Indeed. Zach Fucale, a Montreal Canadiens 2013 second-round draft pick who played for the Quebec Major Junior Hockey League’sQuebec Remparts in 2014-15, and Eric Comrie, the Winnipeg Jets 2013 second-round pick who skated for the Western Hockey League’sTri-City Americans, provided serious goaltending for Canada at the worlds.
Fucale appeared in five games at the world juniors, posting a 1.20 goals against average and .939 save percentage. Comrie played in two games and had a 1.50 goals-against average and 933 save percentage.
“I’m very fortunate and very proud to be working with Hockey Canada,” Brathwaite told me recently. “Anytime you get a chance to wear your country’s flag, it’s an honor. “There’s still a little bit more I can learn about being an NHL goalie coach. And having this opportunity with Hockey Canada is helping me prepare for that.”
Goalies Zach Fucale (left) and Eric Comrie (right) with goalie coach Fred Brathwaite at 2015 IIHF World Junior Championship (Photo/ Matthew Murnaghan/Hockey Canada)
Brathwaite began preparing for a career transition in 2010-11 while he was playing for the Adler Mannheim Eagles of the Deutsche Eishockey Liga. At 39, he wanted to play one more season. But when no good offers came along, the man who shares the same real name as legendary rapper Fab Five Freddy became Mannheim’s goalie coach.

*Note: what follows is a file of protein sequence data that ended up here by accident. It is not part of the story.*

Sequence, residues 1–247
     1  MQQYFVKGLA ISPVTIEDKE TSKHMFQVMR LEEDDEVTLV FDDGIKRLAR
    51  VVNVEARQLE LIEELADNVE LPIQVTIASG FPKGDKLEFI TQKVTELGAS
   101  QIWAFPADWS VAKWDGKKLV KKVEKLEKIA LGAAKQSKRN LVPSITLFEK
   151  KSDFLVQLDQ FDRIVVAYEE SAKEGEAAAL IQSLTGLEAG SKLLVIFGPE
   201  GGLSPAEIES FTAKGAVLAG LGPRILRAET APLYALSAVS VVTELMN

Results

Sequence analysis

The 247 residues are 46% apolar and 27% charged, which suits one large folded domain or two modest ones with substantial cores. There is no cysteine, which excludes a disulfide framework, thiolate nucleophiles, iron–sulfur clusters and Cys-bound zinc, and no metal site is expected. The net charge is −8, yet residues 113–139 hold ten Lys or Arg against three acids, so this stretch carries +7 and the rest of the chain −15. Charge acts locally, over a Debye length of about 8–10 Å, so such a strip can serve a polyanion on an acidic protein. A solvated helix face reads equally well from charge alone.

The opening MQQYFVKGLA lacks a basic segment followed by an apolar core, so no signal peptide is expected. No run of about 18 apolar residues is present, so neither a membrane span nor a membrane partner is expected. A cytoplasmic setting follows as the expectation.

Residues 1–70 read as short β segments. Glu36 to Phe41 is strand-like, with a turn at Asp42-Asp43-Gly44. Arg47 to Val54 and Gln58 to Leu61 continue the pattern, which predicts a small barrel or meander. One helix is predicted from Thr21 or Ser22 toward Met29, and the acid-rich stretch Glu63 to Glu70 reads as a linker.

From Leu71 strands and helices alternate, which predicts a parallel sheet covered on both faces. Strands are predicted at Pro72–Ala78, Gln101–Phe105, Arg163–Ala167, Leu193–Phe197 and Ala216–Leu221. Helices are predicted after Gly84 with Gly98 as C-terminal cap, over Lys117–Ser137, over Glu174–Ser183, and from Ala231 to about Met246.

He quickly learned that the change from player to coach isn’t an easy one. “It’s a little more difficult then I thought,” he said. “Before I could control what’s happening in a game by playing and now, sitting up in the stands, you have no control. You just hope the kids play well, the team plays well, and, hopefully, you’ve prepared them as well as you could.”
While in Germany, Brathwaite stayed in touch with Hockey Canada. As a goaltender for the Canadian national team in 1998-99 and member of Canada’s world championship squads in 1998-99 and 2000-01, he was familiar with the organization’s brain trust and had no problems in being a pest about employment.
“Every time I would see those guys I’d keep bugging them, asking them when are they going to give me an opportunity,” he told me.
Opportunity knocked when Scott Salmond, Hockey Canada’s vice president for hockey operations, national teams, called in 2013 and “kind of offered me a job,” Brathwaite recalled
“I wouldn’t say it fell in my lap by any means because I kept bugging them and bugging them until they kind of gave in,” he said.
In Brathwaite, Hockey Canada tapped a former goaltender who won a Memorial Cupwith the Oshawa Generals in 1990 with a bruising young teammate named Eric Lindros; posted a 81-91-37 NHL record with 15 shutouts and a 2.73 goals-against average; and became a standout goalie in Russia and Germany. He was the German league’s Most Valuable Player in 2009. Not bad for a player who wasn’t drafted by an NHL team.
As Hockey Canada’s goaltending consultant, Brathwaite scouts and evaluates goalies for all of Canada’s world teams and provides on-ice coaching during international tournaments.
Fred Brathwaite at work at Canada’s World Junior Selection Camp (Photo/Matthew Murnaghan/Hockey Canada Images).
“At tournaments like that my job is keeping them (goalies) sharp, keeping them focused, and try to keep them as relaxed as possible – not to let the highs get too high and the lows get too low,” he said.